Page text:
We should also understand that from a complex systems perspective, relationships—be they economic, governmental, institutional, or people-to-people—create flows of information, wealth and resources in and out of the DPRK. Those flows interact with and turbo-charge social change processes already underway in the DPRK, as we have seen with such flows between the DPRK and China. The result is a change, developing over time, in the relationship between the North Korean state and its people over time through the marketisation and Yuan-isation of the economy, and proliferation of information technologies into the country.

Focusing on the wrong prize

Regardless of whether or not the US-DPRK summit ultimately goes ahead, it is concerning that the Trump administration could blow an opportunity to meaningfully change the strategic goalposts on the Korean Peninsula by focussing on the wrong prize.

The only real trinket of value that Washington has to offer Kim Jong Un is a formal treaty to conclude the Korean War. It is likely that North Korea very much wants to negotiate an agreement with the United States, but under Pyongyang’s terms. It is no revelation to long-term North Korea watchers that those terms do not include “complete, verifiable, irreversible denuclearisation” (CVID).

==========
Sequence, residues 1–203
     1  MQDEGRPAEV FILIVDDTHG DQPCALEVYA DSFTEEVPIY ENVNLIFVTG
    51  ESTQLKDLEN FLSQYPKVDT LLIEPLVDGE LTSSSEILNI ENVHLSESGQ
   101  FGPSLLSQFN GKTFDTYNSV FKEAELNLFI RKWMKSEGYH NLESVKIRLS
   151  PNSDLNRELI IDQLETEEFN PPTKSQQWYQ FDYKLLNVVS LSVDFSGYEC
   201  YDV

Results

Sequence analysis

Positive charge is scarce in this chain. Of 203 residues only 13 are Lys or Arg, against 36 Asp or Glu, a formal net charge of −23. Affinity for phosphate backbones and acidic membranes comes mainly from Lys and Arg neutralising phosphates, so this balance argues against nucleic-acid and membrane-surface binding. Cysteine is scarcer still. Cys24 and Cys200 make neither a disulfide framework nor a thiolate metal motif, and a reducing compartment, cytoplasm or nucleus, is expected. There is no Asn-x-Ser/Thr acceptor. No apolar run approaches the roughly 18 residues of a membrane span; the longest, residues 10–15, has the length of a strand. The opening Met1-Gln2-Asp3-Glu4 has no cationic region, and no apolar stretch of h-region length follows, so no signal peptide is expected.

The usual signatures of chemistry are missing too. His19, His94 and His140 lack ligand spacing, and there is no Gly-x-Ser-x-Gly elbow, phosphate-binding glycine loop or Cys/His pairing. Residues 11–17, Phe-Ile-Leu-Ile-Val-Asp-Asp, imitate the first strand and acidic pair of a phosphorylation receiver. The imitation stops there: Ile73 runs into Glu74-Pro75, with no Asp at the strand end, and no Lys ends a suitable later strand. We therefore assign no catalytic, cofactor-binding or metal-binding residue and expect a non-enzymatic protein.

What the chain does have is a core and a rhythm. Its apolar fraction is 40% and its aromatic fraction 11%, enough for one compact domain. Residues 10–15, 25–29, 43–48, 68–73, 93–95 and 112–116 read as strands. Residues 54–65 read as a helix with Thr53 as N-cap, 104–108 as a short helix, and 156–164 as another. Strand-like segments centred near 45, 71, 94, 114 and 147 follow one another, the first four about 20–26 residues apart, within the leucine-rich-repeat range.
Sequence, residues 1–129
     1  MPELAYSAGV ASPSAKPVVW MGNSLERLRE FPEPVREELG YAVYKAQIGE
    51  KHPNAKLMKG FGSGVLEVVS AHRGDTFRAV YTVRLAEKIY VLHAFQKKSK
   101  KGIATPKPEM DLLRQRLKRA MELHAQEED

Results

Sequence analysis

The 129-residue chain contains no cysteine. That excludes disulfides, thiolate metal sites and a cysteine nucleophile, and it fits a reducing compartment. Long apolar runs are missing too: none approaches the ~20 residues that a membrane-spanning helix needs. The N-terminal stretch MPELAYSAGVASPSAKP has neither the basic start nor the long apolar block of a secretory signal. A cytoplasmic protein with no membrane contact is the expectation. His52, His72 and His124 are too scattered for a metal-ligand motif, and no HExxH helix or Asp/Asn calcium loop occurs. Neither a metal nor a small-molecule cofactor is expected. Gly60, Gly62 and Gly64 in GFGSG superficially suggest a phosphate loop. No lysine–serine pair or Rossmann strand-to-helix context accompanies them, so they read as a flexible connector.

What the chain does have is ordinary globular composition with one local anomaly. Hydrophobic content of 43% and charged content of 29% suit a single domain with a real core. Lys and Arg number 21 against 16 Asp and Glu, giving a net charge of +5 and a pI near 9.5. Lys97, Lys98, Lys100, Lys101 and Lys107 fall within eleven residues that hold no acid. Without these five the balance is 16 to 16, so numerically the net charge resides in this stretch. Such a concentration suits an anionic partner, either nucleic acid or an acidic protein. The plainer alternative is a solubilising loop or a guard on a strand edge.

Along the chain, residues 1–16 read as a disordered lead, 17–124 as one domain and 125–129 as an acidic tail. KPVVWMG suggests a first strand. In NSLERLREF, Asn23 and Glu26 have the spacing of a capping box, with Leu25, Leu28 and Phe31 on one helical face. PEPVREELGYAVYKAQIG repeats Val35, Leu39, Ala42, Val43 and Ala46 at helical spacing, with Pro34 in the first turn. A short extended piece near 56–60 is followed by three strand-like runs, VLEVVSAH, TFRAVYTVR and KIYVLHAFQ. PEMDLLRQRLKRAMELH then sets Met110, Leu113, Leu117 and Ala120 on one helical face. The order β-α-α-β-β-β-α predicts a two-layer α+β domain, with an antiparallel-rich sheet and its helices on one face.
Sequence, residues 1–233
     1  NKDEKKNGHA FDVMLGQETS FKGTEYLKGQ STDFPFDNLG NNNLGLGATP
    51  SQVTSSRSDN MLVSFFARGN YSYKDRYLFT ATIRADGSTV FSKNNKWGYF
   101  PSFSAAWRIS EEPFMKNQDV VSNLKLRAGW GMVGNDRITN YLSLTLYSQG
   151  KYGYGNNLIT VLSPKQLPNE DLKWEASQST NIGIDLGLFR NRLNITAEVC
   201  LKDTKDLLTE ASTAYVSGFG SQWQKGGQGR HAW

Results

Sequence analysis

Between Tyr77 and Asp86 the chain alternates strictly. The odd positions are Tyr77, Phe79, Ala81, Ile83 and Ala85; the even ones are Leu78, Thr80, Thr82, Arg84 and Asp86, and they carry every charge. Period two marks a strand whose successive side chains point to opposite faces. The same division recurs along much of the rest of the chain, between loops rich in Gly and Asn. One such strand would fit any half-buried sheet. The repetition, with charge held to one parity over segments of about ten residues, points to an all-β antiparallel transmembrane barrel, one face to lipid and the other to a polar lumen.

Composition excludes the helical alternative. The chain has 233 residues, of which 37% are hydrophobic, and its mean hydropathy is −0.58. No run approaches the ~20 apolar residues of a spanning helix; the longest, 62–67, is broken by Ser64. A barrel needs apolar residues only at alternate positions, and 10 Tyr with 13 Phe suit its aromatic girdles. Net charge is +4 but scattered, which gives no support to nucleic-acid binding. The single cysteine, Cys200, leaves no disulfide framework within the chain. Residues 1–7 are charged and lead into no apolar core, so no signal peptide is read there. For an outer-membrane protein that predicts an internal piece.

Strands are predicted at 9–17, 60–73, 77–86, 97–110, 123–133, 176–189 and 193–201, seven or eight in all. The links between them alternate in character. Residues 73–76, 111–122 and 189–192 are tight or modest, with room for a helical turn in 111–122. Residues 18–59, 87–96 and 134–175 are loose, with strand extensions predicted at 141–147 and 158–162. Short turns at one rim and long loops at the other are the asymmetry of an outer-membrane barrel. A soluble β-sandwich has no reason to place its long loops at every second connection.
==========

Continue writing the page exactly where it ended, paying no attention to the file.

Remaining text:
The problem with Trump’s insistence on CVID is that there is no mutually agreeable starting point for a discussion with North Korea on those terms. There is no outcome in which the regime willingly relinquishes its nuclear weapons program because the Kim regime is so heavily invested in nuclear weapons as the foundation of its security strategy, economic development pathway, and domestic political legitimacy.

The negotiations surrounding the summit need to find a lowest common denominator that both parties can agree on. We saw this in the inter-Korean summit where Moon and Kim settled on easy-win engagement measures and mutually-beneficial security measures as the starting point for a confidence-building pathway.

CVID is a dead-end

The US and the DPRK clearly do not trust each other, and both parties have good reasons to be guarded ahead of a “will they—won’t they” summit. Most media attention coming out of the inter-Korean summit focused on Article 3.4 of the Panmunjom Declaration, which called for “complete denuclearisation” and “a nuclear-free Korean Peninsula,” building on the call in Article 1.1 for both parties to work together on implementing the 2005 Joint Statement on denuclearisation of the Korean Peninsula and the 13 February Agreement of 2007.